Tapes ‘n Tapes, this year’s designated Internet-sparked American indie band are, for the moment at least, enjoying their rocket trip to notoriety. Touring their butts off since self-releasing their debut album “The Loon” about a year ago, the Minneapolis-based quartet have already achieved a certain level of road comfort.
“In the United States, we have our own van that we drive ourselves,” says guitarist-vocalist Josh Grier over the phone from a club in Berlin. “In the United Kingdom we had a split-bus — band in the front, gear in the back. Now we’re on the Continent and we have our first-ever tour bus. It’s pretty cool.”
The band’s trajectory has been phenomenal, though it’s necessary to use a different yardstick for success with Internet-launched indie bands than with traditional label-signed acts. Word-of-mouth is essential since there isn’t much money available for things like advertising and video production. Promotion comes down to a constant flood of interviews and the never-ending tour, making the job of pop musician a young person’s game, as the stamina required is almost superhuman.
“After a while you get used to it,” 26-year-old Grier says cheerfully. “But I realize I’m not as nomadic as I thought I was.”
In all the buzz, it’s easy to forget the music that got the group noticed in the first place. Despite the techno allusions suggested by the name, Tapes ‘n Tapes play straightforward guitar rock that builds from the dynamic model pioneered by The Pixies and perfected by Pavement. Less punk-oriented than Husker Du or The Replacements, the two indie groups most identified with Minneapolis, T ‘n T are rigorous in their song structures and instinctively favor rhythm over melody.
“I’m a sucker for a really good beat, and not necessarily a straight 4/4, but something with weird syncopation,” Grier says. “Have you heard the new Jay-Z single? You can’t tell where the downbeat is. It comes at you from all directions. That’s what I love. You can put the simplest melody over a crazy rhythm and make it really interesting, whereas if you had a simple rhythm but an elaborate melody the song usually ends up being boring.”
Even song titles are rhythmically informed: “Just Drums,” “Cowbell.” “Insistor,” which the band performed on The Late Show with David Letterman, lives up to its name, constantly leaning into the listener with a beat that jumps the vocals by a hair. In the instrumental “Crazy Eights,” the guitars lag a millisecond behind the drums, lending the song a wobbly white-boy funk.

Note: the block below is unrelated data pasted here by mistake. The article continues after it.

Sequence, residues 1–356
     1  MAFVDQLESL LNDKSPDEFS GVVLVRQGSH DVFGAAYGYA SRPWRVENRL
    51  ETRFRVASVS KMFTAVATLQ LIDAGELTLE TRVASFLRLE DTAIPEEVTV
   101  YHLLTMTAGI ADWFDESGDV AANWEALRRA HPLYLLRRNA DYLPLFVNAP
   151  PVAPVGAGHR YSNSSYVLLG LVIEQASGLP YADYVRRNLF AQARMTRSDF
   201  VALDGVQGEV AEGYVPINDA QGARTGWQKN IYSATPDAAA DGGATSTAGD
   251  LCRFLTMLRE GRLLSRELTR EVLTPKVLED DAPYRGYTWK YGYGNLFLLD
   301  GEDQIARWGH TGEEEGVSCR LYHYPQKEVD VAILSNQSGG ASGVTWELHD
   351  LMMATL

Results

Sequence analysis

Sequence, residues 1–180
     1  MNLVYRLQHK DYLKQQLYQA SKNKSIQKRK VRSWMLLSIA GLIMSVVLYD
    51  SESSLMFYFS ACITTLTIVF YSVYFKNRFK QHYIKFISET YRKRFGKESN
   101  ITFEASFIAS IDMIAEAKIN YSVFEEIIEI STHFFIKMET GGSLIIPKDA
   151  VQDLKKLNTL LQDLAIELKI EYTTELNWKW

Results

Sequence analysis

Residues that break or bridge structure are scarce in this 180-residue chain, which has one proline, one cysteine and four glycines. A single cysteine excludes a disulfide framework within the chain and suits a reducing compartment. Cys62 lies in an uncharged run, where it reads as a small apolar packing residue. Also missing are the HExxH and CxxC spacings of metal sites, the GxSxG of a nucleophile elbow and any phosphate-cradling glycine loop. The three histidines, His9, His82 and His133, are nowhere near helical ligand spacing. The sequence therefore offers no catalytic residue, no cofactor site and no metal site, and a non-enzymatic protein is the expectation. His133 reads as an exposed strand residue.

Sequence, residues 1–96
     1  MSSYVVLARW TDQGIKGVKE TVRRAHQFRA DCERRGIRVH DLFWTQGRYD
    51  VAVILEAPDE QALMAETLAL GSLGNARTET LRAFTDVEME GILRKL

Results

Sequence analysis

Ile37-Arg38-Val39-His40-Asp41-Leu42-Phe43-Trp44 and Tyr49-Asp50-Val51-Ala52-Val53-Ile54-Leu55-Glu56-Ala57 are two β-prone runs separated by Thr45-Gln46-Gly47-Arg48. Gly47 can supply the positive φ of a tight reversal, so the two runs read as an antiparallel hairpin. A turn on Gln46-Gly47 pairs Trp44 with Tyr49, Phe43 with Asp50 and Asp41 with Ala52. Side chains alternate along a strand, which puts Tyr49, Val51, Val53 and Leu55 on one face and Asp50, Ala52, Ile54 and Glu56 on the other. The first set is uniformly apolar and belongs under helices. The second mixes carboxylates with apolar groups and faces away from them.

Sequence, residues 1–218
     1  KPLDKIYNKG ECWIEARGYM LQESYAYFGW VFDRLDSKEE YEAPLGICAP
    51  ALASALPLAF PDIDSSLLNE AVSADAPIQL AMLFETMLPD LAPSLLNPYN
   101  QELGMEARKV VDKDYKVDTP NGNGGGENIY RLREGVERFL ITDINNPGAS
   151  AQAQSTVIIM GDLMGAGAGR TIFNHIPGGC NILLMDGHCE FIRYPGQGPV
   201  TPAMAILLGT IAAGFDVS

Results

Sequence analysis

It’s definitely a group sound, though Grier came up with the ideas for the songs before the band was formed. In fact, he had trouble convincing his friends to join. “I thought if I designed a Web page about this band, they’ll have to be in it,” he says. “I used it as a motivator. ‘Hey, we have this crazy Web site, so now you guys have to be in the band with me.’ They were like, ‘Yeah, right.’ ” The site included an imaginary biography that presupposes many of the influences that would later crop up in reviews of “The Loon.”
“Things meant as jokes actually turned into reality,” Grier says. “It was really life imitating art.”
Grier studied music while he was growing up in Oregon, and played in bands after moving to Minnesota to attend college. But Tapes ‘n Tapes grew from nothing.
“Me and Matt, our present keyboard player who used to play bass, and our old drummer, went to record our first EP at Matt’s parents’ cabin out in the woods. We brought recording equipment we didn’t know how to use and read the manual as we drove up to the cabin. It was an experiment. We had the songs but no idea how it would turn out.”
The name of the band refers to the fact that they recorded everything they did and literally had tapes and tapes of material. Local gigs weren’t hard to secure, but wider exposure seemed beyond their capabilities.
“I don’t have any business savvy,” Grier admits. “A friend of ours, Keri, had done stuff with music in the past. She had never managed anybody, but she liked the record and wanted to manage us, so we said, ‘Sure, you seem to know what you’re doing. We don’t.”‘
There were some blogs Keri liked, so she sent them MP3 audio files of the band’s music.
“There was no major push,” says Grier, “but it was all we could do to keep up with the response.”
The band was filling orders for “The Loon” out of Grier’s apartment, but eventually they signed with the label XL, which quickly assumed worldwide distribution duties. Grier seems happy with the arrangement: “It’s like we just have a bigger team than we had before.”
The band’s good fortune also materialized in other unexpected ways. Comedian Aziz Ansari used the group for a video in which he plays Clell Tickle, the most aggressive Internet-music publicist in the world. It became a hit on the video-sharing Web site YouTube.
“He got in touch with us a long time ago. I’d seen some of his videos online and thought they were great,” says Grier. “We hung out at South by Southwest. He and a director friend were thinking of making a music video for us, but it didn’t work out. Instead, he came up with the Clell Tickle thing. It’s hilarious.”
Even more unexpected was Nissan’s request to use one of their songs, “Jakov’s Suite,” for a television commercial. Grier still doesn’t know quite what to make of it.
“We were relieved when we finally saw the final version.” he says. “It’s funny. Sometimes, you see songs you like in ads and you think, ‘Oh God, that was lame.’ We didn’t know when it was coming on and all of a sudden it was on during the World Series. It came out of nowhere.”
Sounds like the story of their life.